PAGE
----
- When cross-examined by Counsel for the first respondent, the second respondent stated that he did not know the appellant. He denied the suggestion of Counsel that he attested P1 and reiterated that he only signed and stamped it after being told by Aubrey Monthy that ″it was a procedure that the licensing department needed because everything else was resolve between all parties.″
- He received a call from Miss Contoret, who asked him if he had stamped and signed P1 and told him that the appellant was saying that she had not given her son the authority to transfer title to her vehicle. He told Miss Contoret that she should refuse to do the transfer, but she responded by stating that the first respondent had already made the transfer.
- When cross-examined by his Counsel, he reiterated that he did not attest P1. He could not confirm whether the handwritten signature on P1 was that of the appellant. He explained that if he had attested P1, he would have written by hand on P1 that the appellant had signed it in his presence on such a date. He added that the hand written words ″no objections″, which appeared on P1, were not written by him. He stated that no officer or representative of the first respondent had contacted him in relation to P1, before making transfer of title to the vehicle.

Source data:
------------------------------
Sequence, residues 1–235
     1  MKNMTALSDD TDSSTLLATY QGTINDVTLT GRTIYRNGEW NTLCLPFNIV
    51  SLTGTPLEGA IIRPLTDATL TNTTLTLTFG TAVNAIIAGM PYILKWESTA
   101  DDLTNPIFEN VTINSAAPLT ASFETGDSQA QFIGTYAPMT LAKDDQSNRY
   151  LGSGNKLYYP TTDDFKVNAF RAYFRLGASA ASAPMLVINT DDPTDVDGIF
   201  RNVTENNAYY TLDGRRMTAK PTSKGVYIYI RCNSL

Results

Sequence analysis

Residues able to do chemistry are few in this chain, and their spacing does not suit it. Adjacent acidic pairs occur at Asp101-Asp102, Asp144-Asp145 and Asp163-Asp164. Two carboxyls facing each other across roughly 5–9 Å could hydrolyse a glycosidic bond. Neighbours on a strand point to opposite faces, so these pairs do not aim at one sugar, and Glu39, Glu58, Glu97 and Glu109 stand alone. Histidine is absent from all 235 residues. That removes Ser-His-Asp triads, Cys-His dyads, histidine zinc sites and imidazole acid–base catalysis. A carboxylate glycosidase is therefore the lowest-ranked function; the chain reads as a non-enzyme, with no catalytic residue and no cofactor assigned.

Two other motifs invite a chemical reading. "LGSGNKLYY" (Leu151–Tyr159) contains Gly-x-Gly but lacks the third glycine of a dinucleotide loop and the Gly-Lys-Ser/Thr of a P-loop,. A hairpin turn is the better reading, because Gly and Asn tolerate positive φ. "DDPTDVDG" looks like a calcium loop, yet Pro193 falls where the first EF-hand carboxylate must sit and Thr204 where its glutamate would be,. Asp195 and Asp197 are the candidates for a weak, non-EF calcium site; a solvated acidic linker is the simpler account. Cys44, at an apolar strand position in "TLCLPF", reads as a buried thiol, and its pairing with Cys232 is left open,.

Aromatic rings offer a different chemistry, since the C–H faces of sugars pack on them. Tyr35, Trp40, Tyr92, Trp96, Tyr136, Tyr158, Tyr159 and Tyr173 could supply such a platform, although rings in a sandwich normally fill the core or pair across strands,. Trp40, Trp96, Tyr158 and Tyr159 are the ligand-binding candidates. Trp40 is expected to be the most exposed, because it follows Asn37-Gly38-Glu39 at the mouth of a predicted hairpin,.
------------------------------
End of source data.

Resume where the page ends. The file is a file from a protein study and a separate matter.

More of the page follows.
The evidence of the appellant
- The appellant is the mother of Aubrey Monthy who has passed away. She filed a case against the first respondent because it ″unlawfully allowed and permitted the transfer and registration and sale of [her] motor vehicle without [her] prior knowledge authorization permission or consent″.
- She contacted the first respondent in relation to her vehicle after she had seen a person, whom she did not know, driving it. She neither authorised anybody to transfer title to her vehicle, nor did she sell her vehicle to anybody. With reference to P1, she stated that she did not sign it, and that the signature which appeared on it, was not hers. She did not know who had prepared P1. The second respondent communicated with her in relation to P1 after the first respondent had contacted her with regards to what had happened. A supervisor of the first respondent had told her by phone that the first respondent had transferred title to her vehicle on the basis of a letter which she [the appellant] and the second respondent had signed. She repeated her amended plaint which stated, in part ″the act or omission of both defendants amount to a ″faute″ in law and she was holding them jointly and severally liable″. (Emphasis supplied)